When I became a parent for the 2nd and 3rd time I already knew that sometimes things don’t work out as you plan. Tyler (14) was 5 years old when Alfie(9) came along I was divorced from his farther by the time he was just 18 months old. Tyler was born at 30 weeks gestation and so I am no stranger to the shocks that parent hood brings. Tyler remarkably has no additional needs and is fighting fit taller then me teenager. Nevertheless, in a different relationship stable and now living in a different county I decided next time it would be different, next time it should, could and would go to plan, wouldn’t it ????? .
So when I stumbled across a post on social media I was surprised and emotional to say the least at how much truth there was staring at me, this is an adapted version of what I read.
“When I first became a mother I had a clear vision for the future, and what type of family we would be. How I would teach my children to say their first words and listen to them read stories together every nigh before bed, we would enjoy the most amazing days out, we would go to the park all of the time, visit play centres and make lots of same age friends, visit museums and be tourist in London.
I’d teach then how to play football (like I had done with Tyler), or watch at dancing class and our weekends would be filled with visits to friends and catching up with family, our social lives would be hectic. But so far being a parent to Alfie and Pixie-Faith has been quite different.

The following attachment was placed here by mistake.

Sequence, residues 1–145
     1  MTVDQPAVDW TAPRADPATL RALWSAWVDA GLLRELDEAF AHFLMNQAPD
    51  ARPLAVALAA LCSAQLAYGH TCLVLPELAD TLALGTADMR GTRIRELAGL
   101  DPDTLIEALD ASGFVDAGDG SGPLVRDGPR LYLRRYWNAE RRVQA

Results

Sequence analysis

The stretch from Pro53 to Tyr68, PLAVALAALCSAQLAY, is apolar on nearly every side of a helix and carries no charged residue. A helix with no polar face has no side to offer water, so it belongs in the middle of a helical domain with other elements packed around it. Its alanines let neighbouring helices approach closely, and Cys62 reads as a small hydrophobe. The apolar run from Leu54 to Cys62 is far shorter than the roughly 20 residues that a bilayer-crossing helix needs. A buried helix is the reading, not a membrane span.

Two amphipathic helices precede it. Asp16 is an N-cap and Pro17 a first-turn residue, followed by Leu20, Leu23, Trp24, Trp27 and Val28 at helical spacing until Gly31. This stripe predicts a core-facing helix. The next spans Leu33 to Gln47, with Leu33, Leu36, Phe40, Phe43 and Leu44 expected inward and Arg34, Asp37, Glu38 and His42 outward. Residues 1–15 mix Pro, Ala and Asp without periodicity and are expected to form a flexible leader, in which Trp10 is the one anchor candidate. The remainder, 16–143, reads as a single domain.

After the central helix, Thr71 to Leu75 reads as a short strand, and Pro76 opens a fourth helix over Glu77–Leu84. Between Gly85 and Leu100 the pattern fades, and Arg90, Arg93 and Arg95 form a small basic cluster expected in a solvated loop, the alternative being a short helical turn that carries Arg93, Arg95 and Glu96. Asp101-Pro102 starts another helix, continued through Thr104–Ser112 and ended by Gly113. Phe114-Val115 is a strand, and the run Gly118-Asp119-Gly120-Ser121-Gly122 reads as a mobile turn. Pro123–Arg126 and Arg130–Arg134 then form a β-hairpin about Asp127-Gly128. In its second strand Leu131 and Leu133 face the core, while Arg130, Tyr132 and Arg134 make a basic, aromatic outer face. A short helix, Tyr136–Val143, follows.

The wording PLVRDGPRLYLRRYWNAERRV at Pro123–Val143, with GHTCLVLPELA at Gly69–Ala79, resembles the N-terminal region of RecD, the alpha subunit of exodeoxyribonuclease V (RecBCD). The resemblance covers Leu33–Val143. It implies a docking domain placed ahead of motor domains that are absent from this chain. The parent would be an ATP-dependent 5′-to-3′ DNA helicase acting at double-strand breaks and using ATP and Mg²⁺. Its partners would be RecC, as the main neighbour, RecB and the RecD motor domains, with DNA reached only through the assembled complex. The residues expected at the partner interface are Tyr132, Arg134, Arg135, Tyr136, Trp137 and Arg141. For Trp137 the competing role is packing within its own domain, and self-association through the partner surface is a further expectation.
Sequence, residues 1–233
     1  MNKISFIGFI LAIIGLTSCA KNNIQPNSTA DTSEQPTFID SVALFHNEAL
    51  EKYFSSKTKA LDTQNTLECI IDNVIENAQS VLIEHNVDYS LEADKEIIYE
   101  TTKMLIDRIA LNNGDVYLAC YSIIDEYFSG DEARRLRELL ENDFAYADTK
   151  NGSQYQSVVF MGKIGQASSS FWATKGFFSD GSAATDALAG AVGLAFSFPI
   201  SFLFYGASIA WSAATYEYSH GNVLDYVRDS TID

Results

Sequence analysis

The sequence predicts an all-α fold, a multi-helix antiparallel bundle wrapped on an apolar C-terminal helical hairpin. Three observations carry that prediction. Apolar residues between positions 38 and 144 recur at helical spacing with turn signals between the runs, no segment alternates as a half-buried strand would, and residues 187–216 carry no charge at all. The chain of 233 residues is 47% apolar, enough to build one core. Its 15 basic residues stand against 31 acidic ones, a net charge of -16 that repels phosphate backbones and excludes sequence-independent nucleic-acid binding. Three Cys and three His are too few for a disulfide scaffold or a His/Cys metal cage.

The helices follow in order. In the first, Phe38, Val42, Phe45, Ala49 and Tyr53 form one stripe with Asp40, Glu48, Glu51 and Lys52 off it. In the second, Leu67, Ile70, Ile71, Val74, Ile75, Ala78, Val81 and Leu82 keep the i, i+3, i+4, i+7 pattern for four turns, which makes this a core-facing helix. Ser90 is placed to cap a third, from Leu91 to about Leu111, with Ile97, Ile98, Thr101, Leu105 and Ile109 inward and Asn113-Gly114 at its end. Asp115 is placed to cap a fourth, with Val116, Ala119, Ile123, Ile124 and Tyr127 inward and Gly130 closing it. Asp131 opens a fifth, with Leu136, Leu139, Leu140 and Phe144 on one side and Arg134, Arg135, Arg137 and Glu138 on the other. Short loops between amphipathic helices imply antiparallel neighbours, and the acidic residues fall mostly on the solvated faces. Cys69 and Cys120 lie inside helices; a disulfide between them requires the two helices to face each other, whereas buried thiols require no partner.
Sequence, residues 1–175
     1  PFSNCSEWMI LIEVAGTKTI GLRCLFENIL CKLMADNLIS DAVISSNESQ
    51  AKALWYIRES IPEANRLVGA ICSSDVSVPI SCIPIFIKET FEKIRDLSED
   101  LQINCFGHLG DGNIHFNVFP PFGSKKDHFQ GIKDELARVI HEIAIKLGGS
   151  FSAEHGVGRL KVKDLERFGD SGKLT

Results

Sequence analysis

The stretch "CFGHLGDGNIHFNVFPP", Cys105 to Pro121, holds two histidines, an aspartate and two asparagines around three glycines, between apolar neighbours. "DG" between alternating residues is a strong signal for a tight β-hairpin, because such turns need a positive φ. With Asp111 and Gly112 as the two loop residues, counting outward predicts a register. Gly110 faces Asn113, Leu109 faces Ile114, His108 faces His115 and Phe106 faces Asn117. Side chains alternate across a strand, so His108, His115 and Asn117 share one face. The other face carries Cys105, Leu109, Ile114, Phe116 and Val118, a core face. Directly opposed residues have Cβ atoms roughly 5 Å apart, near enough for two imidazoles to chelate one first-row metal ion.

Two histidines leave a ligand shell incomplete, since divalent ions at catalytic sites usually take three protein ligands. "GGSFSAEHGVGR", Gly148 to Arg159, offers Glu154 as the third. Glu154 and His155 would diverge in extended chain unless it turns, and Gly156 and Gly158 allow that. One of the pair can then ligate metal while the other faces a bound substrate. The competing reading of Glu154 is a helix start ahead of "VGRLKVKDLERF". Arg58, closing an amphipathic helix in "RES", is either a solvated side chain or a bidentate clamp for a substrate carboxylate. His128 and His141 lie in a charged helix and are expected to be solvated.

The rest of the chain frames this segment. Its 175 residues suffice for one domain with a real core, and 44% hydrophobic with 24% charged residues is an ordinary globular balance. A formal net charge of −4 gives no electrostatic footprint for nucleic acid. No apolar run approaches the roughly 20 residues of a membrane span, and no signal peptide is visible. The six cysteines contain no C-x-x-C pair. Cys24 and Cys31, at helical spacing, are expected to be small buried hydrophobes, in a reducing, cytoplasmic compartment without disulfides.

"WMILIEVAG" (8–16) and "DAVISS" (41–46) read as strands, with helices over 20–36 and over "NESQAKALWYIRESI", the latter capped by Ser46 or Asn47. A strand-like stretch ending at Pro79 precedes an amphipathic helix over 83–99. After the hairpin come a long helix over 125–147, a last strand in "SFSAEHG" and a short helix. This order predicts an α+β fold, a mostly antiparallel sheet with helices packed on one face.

The first words didn’t come easily and were much later then most, and reading out loud the bedtime (or anytime) stories are still a long way off. There hasn’t been a museum trips and a London tourist is not ok. There hasn’t been football matches and dance classes with sparkles and pretties everywhere. Visits to friends and family are always minimal and our social lives are low key.
Instead ; AUTISM has taught me to become a different parent.
Autism has taught me to be a parent who will: bounce on the trampoline, sing songs loudly and make up all the words, to massage feet, squeeze, rock, blow bubbles, rip paper just to watch it fall and jump in puddles and splash all day.
Autism has taught me to become non- judgmental of other parents, to be more accepting and to develop a level of patience that I never knew existed.
Autism has taught me to be a parent that will do anything whatever it takes to ensure my children get the right support to live the best life possible.
I may not be the parent I had once had a vision of being, but Autism has taught me to be the parent my children needs me to be !!
So here it is my first blog from my “little book of Autism” here to share my experiences, the highs and the lows (and wow there are a few) the Challenges, heart break and happiness that follow the tiny steps to reaching the mountain of milestones but most of all I wanted to share the unconditional love that autism and being a parent to a children with additional needs brings.
if you chose to journey with me and my little book there will be both good and bad things that you read, and I wont promise it will be captivating bedtime reading. But what I can promise is real life, raw emotion and true honest accounts of living with autism and auditory neuropathy spectrum disorder, This is purely my own account and point of view and is not meant to be a medical recommendation in any way. It is in fact most of the time trial and error or if we are being really honest error and more error!! But what ever is written be sure that it comes from the heart .
some of my favourite quotes to date and ones I will probably repeat many many times:
“different NOT less”
“until the pieces fit”
” A walk down autism lane ”
If you have got this far thank you for reading and I hope this will somehow be the start of something special xxx